Are You Ready for an Earthquake?

Make a Plan and Sign up for Alerts

Our community just faced a natural disaster in the form of storms and flooding. There are other possible disasters that can occur in California, including earthquakes. The best time to prepare for an earthquake is before it happens. Whether you live, go to school, or work in an area prone to earthquakes, it is essential to have an emergency plan in place to know what to do if an earthquake were to happen and how to recover quickly following an earthquake. 

The California Governor’s Office of Emergency Services (Cal OES) has a statewide warning system, Earthquake Warning California, to give residents crucial seconds to take cover before you feel shaking. Visit to learn more and download the MyShake App to your mobile phone.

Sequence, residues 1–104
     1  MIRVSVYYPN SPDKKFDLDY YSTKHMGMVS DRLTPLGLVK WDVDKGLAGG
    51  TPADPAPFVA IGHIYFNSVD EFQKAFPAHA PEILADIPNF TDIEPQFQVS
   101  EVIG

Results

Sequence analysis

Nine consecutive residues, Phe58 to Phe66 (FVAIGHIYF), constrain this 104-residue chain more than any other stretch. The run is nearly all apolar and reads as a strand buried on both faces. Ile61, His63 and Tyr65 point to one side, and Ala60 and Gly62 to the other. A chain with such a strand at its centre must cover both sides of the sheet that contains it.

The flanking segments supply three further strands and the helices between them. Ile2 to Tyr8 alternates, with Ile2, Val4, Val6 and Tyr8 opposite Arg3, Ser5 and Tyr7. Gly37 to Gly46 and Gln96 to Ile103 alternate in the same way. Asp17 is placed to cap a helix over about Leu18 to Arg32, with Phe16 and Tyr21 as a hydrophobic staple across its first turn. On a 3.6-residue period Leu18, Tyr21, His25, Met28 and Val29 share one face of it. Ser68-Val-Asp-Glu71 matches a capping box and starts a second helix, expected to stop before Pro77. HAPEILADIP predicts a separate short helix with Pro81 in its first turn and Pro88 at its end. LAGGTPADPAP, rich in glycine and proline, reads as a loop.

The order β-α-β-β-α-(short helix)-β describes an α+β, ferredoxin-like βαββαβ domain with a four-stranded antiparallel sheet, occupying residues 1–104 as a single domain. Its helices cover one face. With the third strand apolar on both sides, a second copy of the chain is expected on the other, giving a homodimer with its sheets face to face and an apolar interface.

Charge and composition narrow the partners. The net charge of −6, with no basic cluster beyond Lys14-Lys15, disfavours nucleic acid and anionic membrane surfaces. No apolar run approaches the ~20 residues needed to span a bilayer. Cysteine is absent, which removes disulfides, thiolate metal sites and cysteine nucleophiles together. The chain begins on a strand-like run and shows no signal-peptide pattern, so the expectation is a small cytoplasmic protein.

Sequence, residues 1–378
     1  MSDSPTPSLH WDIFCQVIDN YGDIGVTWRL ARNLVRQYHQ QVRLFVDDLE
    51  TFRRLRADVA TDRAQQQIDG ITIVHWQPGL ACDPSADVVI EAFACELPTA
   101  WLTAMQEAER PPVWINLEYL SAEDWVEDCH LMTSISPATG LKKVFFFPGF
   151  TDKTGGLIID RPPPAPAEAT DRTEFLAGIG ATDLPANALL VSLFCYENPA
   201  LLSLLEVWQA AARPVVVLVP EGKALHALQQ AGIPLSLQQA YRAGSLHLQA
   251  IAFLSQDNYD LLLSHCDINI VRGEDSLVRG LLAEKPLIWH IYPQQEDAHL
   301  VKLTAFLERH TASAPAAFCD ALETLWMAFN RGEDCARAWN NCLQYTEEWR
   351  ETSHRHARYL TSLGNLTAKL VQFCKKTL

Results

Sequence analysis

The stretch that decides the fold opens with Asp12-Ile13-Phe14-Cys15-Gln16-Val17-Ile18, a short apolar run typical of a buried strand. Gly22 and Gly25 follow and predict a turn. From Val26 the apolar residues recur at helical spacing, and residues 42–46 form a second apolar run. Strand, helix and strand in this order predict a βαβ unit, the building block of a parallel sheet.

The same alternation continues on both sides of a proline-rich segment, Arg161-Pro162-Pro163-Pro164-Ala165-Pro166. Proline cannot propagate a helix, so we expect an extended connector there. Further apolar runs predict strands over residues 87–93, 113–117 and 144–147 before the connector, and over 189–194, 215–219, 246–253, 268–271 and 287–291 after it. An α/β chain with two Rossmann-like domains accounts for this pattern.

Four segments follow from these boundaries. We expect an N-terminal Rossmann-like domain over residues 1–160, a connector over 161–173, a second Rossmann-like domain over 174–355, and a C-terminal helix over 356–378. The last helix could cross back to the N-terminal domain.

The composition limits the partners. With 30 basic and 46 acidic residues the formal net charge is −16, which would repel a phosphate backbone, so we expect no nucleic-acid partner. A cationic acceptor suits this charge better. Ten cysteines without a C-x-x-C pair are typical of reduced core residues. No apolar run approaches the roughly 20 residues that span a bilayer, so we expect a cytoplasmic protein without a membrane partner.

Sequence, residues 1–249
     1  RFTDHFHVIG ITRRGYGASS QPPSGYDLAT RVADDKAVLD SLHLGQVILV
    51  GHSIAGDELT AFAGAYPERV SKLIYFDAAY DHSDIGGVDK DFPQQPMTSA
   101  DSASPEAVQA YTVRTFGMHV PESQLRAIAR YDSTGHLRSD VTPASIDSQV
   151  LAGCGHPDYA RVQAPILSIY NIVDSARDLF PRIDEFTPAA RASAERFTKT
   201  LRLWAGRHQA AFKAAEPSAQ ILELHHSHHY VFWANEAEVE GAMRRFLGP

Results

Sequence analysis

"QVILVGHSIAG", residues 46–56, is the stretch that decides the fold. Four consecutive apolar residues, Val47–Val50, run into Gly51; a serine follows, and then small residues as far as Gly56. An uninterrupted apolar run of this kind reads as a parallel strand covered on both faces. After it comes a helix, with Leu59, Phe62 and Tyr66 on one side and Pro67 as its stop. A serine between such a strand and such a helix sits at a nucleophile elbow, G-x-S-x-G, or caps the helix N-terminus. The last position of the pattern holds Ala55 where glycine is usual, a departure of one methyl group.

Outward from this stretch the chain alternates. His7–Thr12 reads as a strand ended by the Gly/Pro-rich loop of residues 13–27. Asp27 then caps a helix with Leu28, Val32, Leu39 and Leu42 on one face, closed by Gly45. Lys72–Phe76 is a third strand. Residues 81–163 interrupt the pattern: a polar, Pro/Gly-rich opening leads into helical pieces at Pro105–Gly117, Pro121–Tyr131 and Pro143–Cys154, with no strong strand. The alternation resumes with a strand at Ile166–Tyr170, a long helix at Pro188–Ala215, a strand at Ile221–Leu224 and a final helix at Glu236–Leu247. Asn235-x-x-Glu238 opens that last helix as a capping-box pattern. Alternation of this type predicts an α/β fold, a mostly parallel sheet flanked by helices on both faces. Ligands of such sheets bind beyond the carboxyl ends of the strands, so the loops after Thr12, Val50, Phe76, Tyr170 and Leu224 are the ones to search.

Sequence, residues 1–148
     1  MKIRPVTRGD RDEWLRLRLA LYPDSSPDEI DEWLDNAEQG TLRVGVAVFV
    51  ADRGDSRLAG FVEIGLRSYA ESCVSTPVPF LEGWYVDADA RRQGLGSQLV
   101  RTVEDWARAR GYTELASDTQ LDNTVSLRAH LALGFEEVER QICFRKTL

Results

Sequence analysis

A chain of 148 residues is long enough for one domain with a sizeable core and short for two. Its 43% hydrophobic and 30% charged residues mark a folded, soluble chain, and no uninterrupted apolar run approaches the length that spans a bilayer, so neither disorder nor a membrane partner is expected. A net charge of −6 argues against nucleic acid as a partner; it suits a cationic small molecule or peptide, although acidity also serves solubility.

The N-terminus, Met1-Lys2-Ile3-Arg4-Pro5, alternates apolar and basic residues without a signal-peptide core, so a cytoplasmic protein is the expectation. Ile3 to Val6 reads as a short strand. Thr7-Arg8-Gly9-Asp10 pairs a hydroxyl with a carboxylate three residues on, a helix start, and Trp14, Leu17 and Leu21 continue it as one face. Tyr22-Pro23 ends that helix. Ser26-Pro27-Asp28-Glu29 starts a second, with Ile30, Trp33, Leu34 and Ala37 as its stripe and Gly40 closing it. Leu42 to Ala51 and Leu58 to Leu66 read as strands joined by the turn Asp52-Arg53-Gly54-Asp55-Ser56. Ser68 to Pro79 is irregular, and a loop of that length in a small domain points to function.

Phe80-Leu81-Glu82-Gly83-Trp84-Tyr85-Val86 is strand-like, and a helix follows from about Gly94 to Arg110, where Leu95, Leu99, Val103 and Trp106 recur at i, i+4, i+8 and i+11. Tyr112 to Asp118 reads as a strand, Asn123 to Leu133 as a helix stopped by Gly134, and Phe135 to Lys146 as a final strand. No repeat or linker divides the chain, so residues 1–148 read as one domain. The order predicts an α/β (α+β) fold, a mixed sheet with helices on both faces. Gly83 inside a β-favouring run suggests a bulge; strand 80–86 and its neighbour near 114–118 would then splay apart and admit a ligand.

Individuals can play a key role in helping others appropriately prepare for the next major earthquake. Share information with neighbors, family members, friends, and others within your community.

Here are some important safety tips to help be earthquake ready:

  • Talk about earthquakes with your family so everyone knows what to do. Discussions ahead of time help reduce fear, particularly for younger children.
  • Protect your property. Secure heavy items in your home like bookcases, refrigerators, televisions, and objects that hang on walls.
  • Depending on your needs, there are alternatives to Drop, Cover & Hold On. If using a walker or wheelchair: Lock, Cover & Hold On. If in a recliner or bed: cover your head & neck with your arms or a pillow.
  • Remember that aftershocks can happen after an earthquake. Text loved ones to let them know you’re ok instead of calling. Save your battery by only using your phone for emergencies.
  • After an earthquake happens, clean-up begins. Wear protective clothing. Put on thick-soled shoes, work gloves, and goggles. Work with others to lift heavy objects.

A thoughtful preparedness plan can help reduce the number of injuries and deaths during an earthquake and lead to a quick recovery for a resilient California.

To learn which resources are available to you and how to react, visit and